The Best Way To Wash Your Motorcycle
There’s nothing quite like covering miles on your bike on a breezy, beautiful day. As you ride past different landscapes, you not only pick up memories but also the dust, bugs, and grime of each area. The only people who truly get excited by a grime-coated motorcycle are the DNA-swabbing and microscope-analysing crime stopper types (and maybe off-road riders). Regardless you should get a proper motorcycle cleaning kit and clean your bike with good cleaning products to give it that ‘ready to ride’ look.
You can follow the steps below to wash your motorcycle or bring it over to the Myers-Duren Harley-Davidson® dealership in Tulsa, Oklahoma. We’ll not only give it a good clean but also service and repair it while you browse through our motorclothes merch. We proudly serve the areas of Broken Arrow, Jenks, Bixby, and Glenpool, Oklahoma.
Items You Need
Gather all the things you’ll need in a space big enough to clean and move around in. There are a variety of cleaning kits and products that can give your motorcycle the shiny or matte look you’d like. Also have in hand a sponge for a good rubdown, brushes for cleaning hard-to-reach bits, a cloth, and a chamois for drying.
It’s better to place your bike in the shade when washing it as the sun might dry the soap when you lather, leaving streaks across your machine. Make sure your bike is cool before you start cleaning it because cold water on hot metal isn’t good for your motorcycle. Plug the exhaust with rags or gloves so that water does not enter it.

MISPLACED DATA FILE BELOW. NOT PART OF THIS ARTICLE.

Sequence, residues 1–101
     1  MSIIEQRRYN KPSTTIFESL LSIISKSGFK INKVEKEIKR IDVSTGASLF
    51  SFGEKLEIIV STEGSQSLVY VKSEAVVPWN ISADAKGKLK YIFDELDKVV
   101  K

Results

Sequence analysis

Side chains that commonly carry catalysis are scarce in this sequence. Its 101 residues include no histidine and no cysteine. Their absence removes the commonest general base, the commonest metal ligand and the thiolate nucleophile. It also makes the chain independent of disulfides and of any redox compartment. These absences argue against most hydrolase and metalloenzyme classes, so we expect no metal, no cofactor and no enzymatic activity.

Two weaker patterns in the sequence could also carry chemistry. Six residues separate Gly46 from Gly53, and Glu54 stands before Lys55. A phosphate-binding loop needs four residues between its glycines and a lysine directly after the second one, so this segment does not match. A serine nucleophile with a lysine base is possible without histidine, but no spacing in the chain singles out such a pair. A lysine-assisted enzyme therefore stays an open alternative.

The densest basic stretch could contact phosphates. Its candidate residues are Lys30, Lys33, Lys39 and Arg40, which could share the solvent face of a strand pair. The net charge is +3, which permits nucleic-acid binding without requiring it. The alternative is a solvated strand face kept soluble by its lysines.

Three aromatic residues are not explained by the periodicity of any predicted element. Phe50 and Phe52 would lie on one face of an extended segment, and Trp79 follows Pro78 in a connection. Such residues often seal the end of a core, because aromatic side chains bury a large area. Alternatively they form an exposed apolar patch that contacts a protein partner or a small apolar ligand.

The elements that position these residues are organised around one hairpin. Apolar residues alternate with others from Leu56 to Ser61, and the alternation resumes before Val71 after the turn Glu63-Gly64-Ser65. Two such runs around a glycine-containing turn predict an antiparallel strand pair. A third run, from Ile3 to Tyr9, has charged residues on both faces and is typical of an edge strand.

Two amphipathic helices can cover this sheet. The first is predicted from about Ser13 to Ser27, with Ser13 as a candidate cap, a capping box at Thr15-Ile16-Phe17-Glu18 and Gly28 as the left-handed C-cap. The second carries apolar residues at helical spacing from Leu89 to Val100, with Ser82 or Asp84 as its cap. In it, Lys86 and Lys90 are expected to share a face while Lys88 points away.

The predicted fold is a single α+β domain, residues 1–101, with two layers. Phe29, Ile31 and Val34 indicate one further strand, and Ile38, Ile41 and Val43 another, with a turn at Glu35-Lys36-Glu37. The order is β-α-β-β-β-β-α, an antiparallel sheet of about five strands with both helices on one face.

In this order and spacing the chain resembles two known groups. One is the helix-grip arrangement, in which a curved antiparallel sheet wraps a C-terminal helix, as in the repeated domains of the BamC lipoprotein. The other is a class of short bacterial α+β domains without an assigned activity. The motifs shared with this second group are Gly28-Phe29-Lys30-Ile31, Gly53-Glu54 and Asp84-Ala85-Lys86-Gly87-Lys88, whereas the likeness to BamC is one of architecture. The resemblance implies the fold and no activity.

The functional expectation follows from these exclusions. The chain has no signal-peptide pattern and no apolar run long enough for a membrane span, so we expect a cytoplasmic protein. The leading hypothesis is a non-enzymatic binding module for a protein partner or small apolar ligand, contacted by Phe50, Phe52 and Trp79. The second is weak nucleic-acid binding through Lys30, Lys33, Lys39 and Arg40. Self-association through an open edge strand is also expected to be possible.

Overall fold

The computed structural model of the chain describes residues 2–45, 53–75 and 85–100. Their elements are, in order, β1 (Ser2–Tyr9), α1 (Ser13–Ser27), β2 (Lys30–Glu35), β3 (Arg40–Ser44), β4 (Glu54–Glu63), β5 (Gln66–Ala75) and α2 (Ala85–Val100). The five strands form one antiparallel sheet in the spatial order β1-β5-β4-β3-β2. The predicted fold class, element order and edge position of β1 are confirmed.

Spritz And Wipe
Every good motorcycle cleaning kit should obviously have a good spray cleaner. Spritz the body with a mix of motorcycle cleaner and water. Don’t start scrubbing just yet. You want the dirt to come loose or it will leave scratch marks. Allow the cleaner to work its magic and then use a standard-pressure hose to wash the dirt off.
Apply the right motorcycle cleaning product for each surface that you are working on. Work your way from top to bottom so that you don’t have to redo any bits you’ve already soaped. Don’t use too much pressure when cleaning, a gentle scrubbing should be good enough. If possible, avoid getting soap and water onto your bike’s chain and brakes. If they do get soapy, don’t scrub them. You might have to use the brush to clean the wheels and nooks and crannies of your motorcycle.
Rinse And Dry
As soon as you finish lathering your bike, wash it off. Don’t let the soap dry on the surface or it will leave streaks. It is equally important to dry it off ASAP. Water in small crevices can cause rusting. Use your cloths for the bigger parts and an air dryer or leaf blower to completely dry the hard-to-reach areas. You might be tempted to take your bike for a spin to dry it out but avoid doing that, especially if your bike has fairings. It won’t dry the bike completely and will lead to corrosion.
Now that your bike is good and dry, get the motorcycle lubricant out of your kit and lubricate the chain. The soapy water probably washed the old lubricant off so this is a necessary step. You can polish and wax your motorcycle to preserve its good looks. It you’re worried about the sun damaging your bike’s colors, use a sealant with UV protection that prevents fading.
Your bike is now clean and ready to take you to your next ride. Remember, however, this was just an outer cleanse. If you want your motorcycle to be in top shape it’s probably best to get it serviced professionally. At our Myers-Duren Harley-Davidson® dealership in Tulsa, Oklahoma, we offer parts and service, motorclothes, and even motorcycle classes for those who need them. Just ask our satisfied customers from not only Tulsa but also Broken Arrow, Jenks, Bixby, and Glenpool, Oklahoma.